τb1 /τa1 =τb2 /τa2 = . . . =τbn/τan=β                                   (10)

where β>1.

Then, a fixed phase difference Δφ appears between the output of the phase advance side circuit group A and that of the phase retardation side circuit group B. According to Eqs. (9) and (10) and τi=1/(2πfi), the following holds: ##EQU4## A condition for putting this phase difference Δφ to 90 is:

Δφ=π/2                                        (12)

From Eqs. (11) and (12), therefore,

log β/log α=1/2

∴β=α0.5                            (13)

Accordingly, when Eq. (13) is met, the phase difference between the output terminals (14) and (15) in FIG. 1 can be held at 90. However, this holds true in only the frequency range of the phase inclination part stated before.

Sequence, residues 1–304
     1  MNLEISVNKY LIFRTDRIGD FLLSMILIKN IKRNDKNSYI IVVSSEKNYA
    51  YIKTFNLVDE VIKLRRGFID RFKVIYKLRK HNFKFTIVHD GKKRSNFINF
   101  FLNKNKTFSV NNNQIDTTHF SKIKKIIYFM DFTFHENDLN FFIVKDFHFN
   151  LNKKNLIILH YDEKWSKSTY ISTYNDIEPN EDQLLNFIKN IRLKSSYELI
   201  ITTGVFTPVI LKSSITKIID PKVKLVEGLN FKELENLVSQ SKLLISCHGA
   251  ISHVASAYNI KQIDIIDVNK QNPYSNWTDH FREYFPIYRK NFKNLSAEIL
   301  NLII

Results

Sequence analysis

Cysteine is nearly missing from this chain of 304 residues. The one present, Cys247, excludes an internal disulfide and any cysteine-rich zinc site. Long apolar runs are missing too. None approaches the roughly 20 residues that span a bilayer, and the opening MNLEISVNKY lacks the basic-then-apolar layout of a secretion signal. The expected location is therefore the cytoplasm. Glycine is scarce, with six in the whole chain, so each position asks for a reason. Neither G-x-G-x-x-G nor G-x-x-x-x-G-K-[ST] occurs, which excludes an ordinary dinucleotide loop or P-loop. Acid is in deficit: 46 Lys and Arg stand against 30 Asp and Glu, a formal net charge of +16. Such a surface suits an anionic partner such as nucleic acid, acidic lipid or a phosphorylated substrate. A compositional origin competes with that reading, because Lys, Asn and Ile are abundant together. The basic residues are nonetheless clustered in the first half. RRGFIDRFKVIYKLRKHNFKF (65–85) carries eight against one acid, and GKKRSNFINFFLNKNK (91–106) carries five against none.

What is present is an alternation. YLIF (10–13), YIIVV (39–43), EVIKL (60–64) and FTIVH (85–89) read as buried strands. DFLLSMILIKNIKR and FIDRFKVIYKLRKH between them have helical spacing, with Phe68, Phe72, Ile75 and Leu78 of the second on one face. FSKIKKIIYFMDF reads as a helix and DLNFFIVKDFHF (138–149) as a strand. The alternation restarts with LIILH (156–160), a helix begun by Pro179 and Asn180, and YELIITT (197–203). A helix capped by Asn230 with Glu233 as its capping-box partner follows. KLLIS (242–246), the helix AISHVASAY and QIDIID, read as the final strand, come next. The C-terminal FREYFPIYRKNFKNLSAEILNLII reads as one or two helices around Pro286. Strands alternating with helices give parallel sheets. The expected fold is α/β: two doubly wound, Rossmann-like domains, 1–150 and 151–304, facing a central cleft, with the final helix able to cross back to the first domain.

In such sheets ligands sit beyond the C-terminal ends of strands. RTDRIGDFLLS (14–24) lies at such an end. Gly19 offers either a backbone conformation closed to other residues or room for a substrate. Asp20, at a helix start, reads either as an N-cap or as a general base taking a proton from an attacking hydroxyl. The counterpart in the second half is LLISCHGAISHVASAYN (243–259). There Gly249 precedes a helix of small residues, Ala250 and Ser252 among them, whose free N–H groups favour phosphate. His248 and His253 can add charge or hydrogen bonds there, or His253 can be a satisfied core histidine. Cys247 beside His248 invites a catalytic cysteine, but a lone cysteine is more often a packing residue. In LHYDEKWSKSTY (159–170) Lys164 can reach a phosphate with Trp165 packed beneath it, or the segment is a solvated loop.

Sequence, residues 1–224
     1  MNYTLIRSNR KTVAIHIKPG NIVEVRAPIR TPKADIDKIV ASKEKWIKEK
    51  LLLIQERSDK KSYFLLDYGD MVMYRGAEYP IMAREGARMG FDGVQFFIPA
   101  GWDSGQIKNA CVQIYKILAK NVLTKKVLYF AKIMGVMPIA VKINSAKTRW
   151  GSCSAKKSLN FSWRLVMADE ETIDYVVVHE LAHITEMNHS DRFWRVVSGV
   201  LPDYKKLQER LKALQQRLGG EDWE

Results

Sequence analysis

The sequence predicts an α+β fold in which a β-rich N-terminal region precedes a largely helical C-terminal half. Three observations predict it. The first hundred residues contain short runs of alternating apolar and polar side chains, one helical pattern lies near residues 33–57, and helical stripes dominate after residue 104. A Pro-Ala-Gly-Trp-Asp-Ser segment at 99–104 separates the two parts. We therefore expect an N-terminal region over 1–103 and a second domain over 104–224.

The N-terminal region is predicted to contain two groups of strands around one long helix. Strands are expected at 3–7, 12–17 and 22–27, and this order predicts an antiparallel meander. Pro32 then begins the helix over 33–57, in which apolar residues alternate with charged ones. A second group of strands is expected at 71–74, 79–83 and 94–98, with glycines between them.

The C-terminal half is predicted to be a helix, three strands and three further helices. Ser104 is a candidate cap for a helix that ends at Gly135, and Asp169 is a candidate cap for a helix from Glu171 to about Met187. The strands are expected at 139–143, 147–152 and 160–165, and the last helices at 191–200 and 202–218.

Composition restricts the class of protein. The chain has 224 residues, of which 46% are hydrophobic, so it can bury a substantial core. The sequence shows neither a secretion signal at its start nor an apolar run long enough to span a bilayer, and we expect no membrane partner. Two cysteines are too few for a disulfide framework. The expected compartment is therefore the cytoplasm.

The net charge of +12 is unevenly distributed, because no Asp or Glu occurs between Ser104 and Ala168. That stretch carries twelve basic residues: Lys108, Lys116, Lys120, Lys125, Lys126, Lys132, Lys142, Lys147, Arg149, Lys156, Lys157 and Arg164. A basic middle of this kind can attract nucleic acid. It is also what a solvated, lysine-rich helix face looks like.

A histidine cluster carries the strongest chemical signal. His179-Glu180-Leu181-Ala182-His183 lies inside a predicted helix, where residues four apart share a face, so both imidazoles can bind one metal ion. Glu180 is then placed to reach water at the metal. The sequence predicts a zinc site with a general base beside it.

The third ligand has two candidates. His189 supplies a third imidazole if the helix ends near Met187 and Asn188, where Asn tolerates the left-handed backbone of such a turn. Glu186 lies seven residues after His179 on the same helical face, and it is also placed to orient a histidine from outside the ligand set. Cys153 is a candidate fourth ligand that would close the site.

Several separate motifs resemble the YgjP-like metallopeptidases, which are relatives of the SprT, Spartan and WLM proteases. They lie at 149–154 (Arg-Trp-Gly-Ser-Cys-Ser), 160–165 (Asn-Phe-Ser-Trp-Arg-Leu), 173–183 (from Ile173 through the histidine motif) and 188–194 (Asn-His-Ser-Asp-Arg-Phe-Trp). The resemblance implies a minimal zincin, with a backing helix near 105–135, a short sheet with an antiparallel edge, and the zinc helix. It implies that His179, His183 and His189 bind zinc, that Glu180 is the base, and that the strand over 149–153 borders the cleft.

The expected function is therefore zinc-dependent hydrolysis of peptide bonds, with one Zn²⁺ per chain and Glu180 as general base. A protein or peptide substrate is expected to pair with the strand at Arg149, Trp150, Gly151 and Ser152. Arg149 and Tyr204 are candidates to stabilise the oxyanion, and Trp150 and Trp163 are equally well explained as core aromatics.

In addition, it is to be understood that when the number of stages n of the phase shifting circuits in the respective circuit groups A and B of FIG. 1 is increased, the fixed phase difference and amplitude characteristic are attained over a limitlessly wide frequency band. As illustrated in FIG. 4, however, the phase inclination part is not a perfect straight line but has a reverse-S shape with the gradient lessened at both ends, so that the phase difference tends to decrease at the ends of the band. In order to expand the effective band width as a phase shifter, therefore, the number of stages n of the phase shifting circuits needs to be accordingly large, and this number of stages n naturally increases more as the phase precision aimed at is higher.